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‘Economic success isn’t possible without good engineering’

Mario Seneviratne, Director of Dubai-based Green Technologies, speaks to B Surendar about issues close to his heart.

| | Apr 9, 2014 | 12:51 pm
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Mario Seneviratne, a LEED AP and the first LEED Faculty outside the United States, is Director of Dubai-based Green Technologies. He has championed the cause of retrofit and sustainability in his mission to save energy while providing comfort cooling and better IAQ. In this freewheeling interview, he speaks to B Surendar about issues close to his heart.

april2014-interv01You are working on a number of projects in Saudi Arabia. How do you see the market responding there?

We have been seeing quite a lot of high-end homes coming up in Saudi Arabia. I am talking of large developments – say 650 to 1,000 homes, and these are all aspiring to get some form of green certification.

People are looking at high-efficiency HVAC systems as well as IAQ systems. So we are seeing both – an increase in the number of projects aspiring for sustainability recognition and also a clamour for engineering improvements embedded in the very fabric of the projects. Also, we are seeing net-zero-energy buildings coming up.

Speaking of which, you had earlier alluded to working on a net-zero-energy building in Sharjah. Have you been able to make any progress on it?

We had done all the engineering to demonstrate how it could be a net-zero-energy building, but the happenings of 2008 put it in the back-burner. However, we learnt a lot from the experience, from a technology standpoint, and we applied the learning to other buildings that we were involved in. For instance, the 66% energy saving in the DEWA building happened owing to the R&D we had done in the Sharjah building.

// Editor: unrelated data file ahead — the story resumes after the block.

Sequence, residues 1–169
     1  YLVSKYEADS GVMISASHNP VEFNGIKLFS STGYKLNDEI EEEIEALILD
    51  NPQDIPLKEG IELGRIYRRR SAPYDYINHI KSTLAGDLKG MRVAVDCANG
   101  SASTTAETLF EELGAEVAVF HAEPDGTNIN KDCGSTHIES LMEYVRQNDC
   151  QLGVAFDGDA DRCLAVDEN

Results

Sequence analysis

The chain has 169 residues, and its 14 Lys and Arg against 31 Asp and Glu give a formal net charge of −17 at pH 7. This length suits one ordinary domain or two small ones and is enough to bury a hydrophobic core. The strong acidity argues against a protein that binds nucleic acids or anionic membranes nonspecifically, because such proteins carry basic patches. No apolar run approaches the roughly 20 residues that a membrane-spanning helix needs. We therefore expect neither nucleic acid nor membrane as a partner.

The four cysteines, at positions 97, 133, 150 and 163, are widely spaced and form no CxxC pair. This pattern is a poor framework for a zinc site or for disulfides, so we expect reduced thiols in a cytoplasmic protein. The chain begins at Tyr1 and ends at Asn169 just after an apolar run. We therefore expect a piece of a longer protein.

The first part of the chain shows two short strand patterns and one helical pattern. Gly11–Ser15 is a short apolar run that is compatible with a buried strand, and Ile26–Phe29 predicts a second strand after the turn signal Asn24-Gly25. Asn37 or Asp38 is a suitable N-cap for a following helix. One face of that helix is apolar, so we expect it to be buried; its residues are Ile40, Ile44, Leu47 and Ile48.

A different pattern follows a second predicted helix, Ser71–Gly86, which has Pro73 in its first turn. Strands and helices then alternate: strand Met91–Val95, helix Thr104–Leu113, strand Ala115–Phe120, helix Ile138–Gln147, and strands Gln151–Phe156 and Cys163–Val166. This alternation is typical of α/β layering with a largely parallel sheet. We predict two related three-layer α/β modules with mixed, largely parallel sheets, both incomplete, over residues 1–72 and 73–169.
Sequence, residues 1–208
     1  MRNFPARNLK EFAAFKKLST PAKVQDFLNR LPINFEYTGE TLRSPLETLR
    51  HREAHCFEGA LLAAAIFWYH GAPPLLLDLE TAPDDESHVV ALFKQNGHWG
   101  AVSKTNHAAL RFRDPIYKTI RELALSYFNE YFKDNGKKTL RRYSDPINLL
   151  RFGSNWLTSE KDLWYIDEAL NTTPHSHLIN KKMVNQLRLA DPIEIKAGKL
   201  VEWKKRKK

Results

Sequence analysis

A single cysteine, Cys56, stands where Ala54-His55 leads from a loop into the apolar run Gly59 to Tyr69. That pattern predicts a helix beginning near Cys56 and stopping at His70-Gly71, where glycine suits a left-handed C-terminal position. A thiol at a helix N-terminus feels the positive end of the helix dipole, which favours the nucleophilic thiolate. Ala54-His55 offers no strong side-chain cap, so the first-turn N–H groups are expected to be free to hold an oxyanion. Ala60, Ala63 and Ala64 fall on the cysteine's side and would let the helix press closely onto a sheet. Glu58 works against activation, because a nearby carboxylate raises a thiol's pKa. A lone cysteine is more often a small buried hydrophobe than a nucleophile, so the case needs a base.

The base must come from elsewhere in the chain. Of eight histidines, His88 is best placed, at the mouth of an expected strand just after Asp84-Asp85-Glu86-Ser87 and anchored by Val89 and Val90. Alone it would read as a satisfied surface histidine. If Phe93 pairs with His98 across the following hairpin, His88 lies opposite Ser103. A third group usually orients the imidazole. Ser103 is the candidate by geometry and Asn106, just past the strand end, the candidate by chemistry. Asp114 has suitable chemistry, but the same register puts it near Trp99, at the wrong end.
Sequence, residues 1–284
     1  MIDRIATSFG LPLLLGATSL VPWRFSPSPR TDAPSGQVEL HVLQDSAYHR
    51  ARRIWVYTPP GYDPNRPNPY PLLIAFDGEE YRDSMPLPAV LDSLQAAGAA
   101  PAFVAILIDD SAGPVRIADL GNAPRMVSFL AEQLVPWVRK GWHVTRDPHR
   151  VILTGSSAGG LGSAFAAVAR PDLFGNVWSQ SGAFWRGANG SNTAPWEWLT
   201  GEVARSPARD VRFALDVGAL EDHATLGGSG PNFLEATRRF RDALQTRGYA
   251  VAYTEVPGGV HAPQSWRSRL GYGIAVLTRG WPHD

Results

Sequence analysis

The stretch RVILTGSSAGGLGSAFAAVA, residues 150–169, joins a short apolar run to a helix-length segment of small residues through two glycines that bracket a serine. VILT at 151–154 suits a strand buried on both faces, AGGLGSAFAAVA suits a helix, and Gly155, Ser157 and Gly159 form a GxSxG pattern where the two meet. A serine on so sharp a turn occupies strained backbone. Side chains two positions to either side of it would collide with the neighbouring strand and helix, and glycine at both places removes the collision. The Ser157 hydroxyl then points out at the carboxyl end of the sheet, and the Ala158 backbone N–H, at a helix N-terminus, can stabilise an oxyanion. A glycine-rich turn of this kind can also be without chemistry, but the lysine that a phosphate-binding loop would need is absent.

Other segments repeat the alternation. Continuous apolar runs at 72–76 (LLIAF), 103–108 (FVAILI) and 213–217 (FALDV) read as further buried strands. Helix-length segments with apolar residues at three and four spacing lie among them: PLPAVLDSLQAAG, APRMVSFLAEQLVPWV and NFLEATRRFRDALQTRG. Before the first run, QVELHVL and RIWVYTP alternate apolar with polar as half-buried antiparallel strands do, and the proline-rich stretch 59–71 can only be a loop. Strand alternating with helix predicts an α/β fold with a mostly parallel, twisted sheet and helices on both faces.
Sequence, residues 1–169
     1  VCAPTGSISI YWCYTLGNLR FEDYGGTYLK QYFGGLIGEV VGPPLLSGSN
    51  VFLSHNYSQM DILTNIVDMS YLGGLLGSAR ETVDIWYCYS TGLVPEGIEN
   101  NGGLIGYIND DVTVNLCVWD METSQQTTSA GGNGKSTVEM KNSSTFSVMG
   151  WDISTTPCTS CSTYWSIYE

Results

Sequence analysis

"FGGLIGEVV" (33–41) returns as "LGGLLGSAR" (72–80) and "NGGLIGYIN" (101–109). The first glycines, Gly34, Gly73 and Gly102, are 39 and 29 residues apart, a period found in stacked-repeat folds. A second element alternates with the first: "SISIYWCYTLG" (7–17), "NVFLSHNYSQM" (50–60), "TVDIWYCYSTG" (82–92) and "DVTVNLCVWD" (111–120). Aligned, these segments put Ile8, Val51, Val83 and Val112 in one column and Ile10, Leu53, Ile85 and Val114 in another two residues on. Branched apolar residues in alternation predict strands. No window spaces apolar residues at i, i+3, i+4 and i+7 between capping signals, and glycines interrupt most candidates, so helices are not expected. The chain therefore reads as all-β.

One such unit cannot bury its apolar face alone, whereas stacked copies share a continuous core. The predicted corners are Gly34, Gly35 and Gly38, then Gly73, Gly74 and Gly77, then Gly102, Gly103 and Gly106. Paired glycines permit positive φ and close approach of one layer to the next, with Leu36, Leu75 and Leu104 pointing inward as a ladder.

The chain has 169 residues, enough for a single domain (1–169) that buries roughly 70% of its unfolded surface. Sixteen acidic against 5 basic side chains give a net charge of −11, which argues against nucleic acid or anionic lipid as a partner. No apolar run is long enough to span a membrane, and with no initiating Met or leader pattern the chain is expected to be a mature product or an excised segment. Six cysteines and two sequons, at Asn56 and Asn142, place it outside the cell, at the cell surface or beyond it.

Do you see the Green Building market maturing? Is the market adequately resourced in terms of low-VOC materials, say?

The Green Building market is maturing. I haven’t seen as many enquiries for LEED certification as I am seeing now. This is an indication of the green market developing.

We see an interest in Green Buildings in Dubai, and that is because of the relatively higher energy and water costs. So, when energy and water costs go up – and they will continue to rise, owing to various economic factors – people will want to spend on green. And if a building boasts high water- and energy-efficiency, it will definitely fall into the category of Green Buildings.

As for your question about market readiness, it is really a myth that Green Buildings are dependent on materials. In the LEED system, there are only a certain number of points for green materials. So, we can raise a very good Green Building without the materials; you get most of the points from concrete, steel and glass. Generally speaking, the market has been ready, except for one or two items, like rapidly renewable materials and urea-formaldehyde-less materials.

There is a strong feeling that District Cooling needs a revamp in approach. What are your thoughts on this?

We are seeing a number of District Cooling projects being revisited for an evaluation on how to make them viable. From a technical point of view, from an energy point of view, a District Cooling project should use water-cooled chillers, which are more energy efficient. So, people should be spending their money and efforts in using water-cooled systems – definitely so for anything above 1,000 TR. If you cobble together 10 such plants and call the system District Cooling, so be it. So that is the type of engineering that people should think about. Depending on the utilisation factor, they should conduct cost studies and, then, cobble all these buildings together. Now, if you are talking of a 100,000 TR project, with a 1.5- or two-metre diameter pipe, it does not make economic sense to me. It will need to be carefully studied.